These children are quite small, so I surprised to observe they had memorized not one or two dances like the junior high school students, but at least 5. One was a modern interpretive piece where the students linked arms together to make things like a bridge, ebi-fry [tonkatsu style fried shrimp ... I don't know why in Japanese they call it ebi-fry], and “special ebi fry” which had two students instead of 3. From what my friends and I could deduce, the difference between regular and special appeared to be the size of the shrimp. The other was “Yosakoi 2009” which I was delighted to observe as I missed my chance to watch the Yosakoi dances last month in Sapporo.
I started watching from my usual spot in the VIP tent but was later offered to sit with Japanese Taiko friends: Yuko, Akira and Myumi. After the event, that same people invited me to their house for lunch. It was a wonderful time where I got to make puzzles with their kindergarten aged daughter, watch her video that teaches her important things like how to brush your teeth, hold chopsticks and wipe your bottom after using the toilet, as well as an American YouTube video the wife had found via a Japanese blog, and look at the couple’s wedding pictures. It was fascinating to see that over the course of their wedding night they changed outfits at least 4 times, going from Kimono’s to Western wedding wear, to slightly more relaxed Western formal wear.
From left to right – Myumi, Akira, Honamia and Yukko. Thanks for the delicious lunch Yukko.
Yuko has her own blog, which you should visit …
After I was drive home I looked forward to finally having some time to work on that whole cleaning/packing thing. Stopped by the grocery store on the way home where I had a delightful run-in with Marie Theresa a Philipino married to a local Japanese man who speaks incredible English. When we first saw eachother she had a bewildered look on her face and asked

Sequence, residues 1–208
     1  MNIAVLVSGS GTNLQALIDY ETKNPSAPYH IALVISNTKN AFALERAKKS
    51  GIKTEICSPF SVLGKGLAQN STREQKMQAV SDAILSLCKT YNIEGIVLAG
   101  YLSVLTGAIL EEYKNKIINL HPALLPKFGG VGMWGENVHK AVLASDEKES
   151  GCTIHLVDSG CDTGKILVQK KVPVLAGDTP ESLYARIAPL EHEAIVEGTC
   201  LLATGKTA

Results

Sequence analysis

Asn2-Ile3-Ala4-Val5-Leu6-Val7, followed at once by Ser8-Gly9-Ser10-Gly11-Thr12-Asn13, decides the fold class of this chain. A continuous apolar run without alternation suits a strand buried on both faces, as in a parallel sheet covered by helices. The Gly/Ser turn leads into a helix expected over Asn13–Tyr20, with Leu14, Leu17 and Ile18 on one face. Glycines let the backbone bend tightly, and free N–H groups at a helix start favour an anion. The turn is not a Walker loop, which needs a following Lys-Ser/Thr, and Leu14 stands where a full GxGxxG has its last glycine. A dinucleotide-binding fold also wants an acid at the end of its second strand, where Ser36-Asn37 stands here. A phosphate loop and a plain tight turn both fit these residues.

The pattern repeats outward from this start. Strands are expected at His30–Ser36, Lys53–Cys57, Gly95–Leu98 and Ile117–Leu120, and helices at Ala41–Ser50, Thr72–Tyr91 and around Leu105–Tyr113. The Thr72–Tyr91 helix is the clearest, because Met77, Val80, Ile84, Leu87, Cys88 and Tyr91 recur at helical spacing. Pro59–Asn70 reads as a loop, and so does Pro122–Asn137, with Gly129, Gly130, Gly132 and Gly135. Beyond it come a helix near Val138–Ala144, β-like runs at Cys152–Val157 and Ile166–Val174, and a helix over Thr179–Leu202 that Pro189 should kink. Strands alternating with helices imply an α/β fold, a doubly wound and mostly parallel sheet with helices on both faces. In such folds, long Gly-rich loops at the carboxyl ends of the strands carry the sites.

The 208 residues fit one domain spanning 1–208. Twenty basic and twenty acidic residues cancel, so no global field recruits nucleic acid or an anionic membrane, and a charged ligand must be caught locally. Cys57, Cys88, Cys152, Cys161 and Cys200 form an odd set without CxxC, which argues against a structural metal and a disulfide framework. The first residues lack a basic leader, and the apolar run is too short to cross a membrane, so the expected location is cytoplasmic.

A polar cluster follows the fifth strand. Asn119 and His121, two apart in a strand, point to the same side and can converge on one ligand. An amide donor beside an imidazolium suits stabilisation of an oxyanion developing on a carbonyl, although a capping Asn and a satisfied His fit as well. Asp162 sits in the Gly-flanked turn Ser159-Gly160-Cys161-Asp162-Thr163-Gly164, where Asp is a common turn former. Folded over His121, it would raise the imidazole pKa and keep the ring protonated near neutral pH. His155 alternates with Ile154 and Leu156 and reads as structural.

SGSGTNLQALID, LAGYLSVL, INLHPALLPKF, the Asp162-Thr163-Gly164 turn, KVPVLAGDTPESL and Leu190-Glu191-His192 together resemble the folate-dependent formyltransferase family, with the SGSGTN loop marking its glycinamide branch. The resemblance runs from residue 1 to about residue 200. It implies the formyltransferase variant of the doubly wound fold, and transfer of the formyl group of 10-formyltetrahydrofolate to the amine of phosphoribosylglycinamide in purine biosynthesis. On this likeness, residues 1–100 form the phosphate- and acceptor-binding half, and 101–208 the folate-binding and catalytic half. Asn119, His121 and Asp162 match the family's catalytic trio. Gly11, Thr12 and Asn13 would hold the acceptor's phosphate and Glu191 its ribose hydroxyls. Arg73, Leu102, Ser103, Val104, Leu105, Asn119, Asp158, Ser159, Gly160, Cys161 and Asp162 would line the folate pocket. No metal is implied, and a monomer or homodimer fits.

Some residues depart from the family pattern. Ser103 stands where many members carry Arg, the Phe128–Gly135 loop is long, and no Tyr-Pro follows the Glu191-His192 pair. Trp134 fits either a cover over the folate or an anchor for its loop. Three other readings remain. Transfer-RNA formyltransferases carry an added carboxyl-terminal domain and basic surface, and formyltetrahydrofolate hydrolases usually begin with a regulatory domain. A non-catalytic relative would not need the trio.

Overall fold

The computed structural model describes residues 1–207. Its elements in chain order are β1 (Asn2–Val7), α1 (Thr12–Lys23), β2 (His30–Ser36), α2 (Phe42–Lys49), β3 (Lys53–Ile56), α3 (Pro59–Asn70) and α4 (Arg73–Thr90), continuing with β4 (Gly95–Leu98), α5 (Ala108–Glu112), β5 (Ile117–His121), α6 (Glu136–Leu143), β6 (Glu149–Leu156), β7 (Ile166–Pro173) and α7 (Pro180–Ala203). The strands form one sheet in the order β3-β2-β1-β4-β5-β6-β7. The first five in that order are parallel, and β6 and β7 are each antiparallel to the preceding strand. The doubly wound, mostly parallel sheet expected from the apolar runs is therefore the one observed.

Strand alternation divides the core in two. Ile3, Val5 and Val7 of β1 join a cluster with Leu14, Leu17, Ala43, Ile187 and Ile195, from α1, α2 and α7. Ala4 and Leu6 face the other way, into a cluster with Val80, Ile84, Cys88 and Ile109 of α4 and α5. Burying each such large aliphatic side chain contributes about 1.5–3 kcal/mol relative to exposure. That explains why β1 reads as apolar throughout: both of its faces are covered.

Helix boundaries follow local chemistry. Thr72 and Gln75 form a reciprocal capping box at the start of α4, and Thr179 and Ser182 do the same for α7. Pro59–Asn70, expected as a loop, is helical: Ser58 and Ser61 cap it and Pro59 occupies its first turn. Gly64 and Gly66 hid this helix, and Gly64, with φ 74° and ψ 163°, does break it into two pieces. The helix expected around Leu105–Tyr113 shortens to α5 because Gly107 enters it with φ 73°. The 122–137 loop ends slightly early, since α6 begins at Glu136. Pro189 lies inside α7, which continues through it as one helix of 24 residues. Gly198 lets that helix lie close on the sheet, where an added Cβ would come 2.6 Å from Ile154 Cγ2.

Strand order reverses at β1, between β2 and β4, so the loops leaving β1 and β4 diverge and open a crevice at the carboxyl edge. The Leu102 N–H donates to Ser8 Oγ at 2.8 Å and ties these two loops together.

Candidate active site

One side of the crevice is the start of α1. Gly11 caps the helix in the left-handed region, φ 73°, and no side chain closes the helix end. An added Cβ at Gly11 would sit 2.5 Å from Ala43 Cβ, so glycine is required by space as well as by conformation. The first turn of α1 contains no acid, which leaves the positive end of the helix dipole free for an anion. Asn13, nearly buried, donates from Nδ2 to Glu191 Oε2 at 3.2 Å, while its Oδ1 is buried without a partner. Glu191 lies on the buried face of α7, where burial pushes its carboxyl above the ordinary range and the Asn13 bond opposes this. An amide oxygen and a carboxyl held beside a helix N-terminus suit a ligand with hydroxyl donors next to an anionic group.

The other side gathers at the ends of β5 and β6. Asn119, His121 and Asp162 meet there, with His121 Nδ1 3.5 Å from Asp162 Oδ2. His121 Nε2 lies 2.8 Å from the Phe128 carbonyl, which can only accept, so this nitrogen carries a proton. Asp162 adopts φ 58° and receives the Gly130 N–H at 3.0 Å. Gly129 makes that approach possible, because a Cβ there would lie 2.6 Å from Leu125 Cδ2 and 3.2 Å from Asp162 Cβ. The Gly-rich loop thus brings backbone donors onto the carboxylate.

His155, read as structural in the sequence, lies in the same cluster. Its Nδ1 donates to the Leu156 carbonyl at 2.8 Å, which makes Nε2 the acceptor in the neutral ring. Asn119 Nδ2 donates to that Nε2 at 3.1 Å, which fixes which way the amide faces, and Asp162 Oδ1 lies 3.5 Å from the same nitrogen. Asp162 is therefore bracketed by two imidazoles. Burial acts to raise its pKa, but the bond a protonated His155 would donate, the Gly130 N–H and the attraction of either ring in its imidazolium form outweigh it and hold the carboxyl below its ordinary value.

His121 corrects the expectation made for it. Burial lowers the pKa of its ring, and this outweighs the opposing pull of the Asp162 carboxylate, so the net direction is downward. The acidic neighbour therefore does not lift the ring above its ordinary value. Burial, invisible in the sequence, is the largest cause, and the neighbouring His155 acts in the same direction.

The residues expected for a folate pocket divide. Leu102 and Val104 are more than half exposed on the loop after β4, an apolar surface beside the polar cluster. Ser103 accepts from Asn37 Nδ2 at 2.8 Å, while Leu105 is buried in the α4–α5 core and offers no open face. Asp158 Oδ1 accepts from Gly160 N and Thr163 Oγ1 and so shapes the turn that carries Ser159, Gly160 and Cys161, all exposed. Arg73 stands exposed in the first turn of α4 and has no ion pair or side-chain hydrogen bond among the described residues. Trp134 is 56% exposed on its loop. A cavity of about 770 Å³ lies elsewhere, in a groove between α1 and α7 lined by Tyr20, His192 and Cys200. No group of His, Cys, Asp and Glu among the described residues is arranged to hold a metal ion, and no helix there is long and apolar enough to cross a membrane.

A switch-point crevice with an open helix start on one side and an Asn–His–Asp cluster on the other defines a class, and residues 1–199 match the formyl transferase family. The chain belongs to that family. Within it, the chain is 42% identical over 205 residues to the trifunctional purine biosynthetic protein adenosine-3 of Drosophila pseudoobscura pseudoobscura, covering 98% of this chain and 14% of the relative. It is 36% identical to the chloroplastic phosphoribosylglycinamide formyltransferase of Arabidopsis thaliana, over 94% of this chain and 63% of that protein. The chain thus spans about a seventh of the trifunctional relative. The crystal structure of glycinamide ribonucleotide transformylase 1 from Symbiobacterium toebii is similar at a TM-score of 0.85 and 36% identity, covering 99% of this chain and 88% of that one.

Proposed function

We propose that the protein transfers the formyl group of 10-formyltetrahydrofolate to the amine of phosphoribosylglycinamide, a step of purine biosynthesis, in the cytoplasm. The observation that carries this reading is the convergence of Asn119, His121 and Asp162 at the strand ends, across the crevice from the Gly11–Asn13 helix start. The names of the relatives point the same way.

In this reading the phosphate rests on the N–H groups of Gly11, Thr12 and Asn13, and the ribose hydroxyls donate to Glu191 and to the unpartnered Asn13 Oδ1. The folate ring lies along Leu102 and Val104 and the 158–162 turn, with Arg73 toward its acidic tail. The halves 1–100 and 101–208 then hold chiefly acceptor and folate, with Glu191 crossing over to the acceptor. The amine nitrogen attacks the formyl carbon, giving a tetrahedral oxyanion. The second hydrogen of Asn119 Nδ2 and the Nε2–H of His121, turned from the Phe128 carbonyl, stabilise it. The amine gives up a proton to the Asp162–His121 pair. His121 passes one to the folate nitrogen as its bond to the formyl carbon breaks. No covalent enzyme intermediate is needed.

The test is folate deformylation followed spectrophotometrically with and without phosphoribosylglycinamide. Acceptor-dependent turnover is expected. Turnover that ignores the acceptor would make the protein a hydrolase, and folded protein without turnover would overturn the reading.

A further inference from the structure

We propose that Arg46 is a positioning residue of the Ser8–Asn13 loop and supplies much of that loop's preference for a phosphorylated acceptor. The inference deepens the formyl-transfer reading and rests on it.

“Why are you here?”
She was surprised to hear I cooked once in a while, though I think less surprised to see that instead of food I bough coffee and a chocolate treat.
Got in my car to drive home with every intention of being responsible, when I stumbled upon this scene …
They called to me from my car. I almost kept driving, but thought better of it. Walked over to say hello. Was offered a beer, initially tuned it down, but then thought better of it. To be fair after all chilling with good people, sipping beers and grilling on one of the first beautiful sunny days in Hamaton this year is basically exactly what I wanted to be doing.
Managed to use a break in conversation after my second one to excuse myself and give myself just enough time to pen this entry before I go to my last basketball practice tongiht. As for cleaning and what not …
One thing that came to me during lunch was that I kind of wish I’d spent more time being otaku this year and exploring Japanese anime, manga, models and video games. Those all things I came being really interested in and still am. I wouldn’t go back and change things about this year, but I also wouldn’t of minded a few Fridays instead of going out to swill beers and sing bad songs I’d sat at home and played some video games I can’t get anywhere else in the world or made a Gundam model.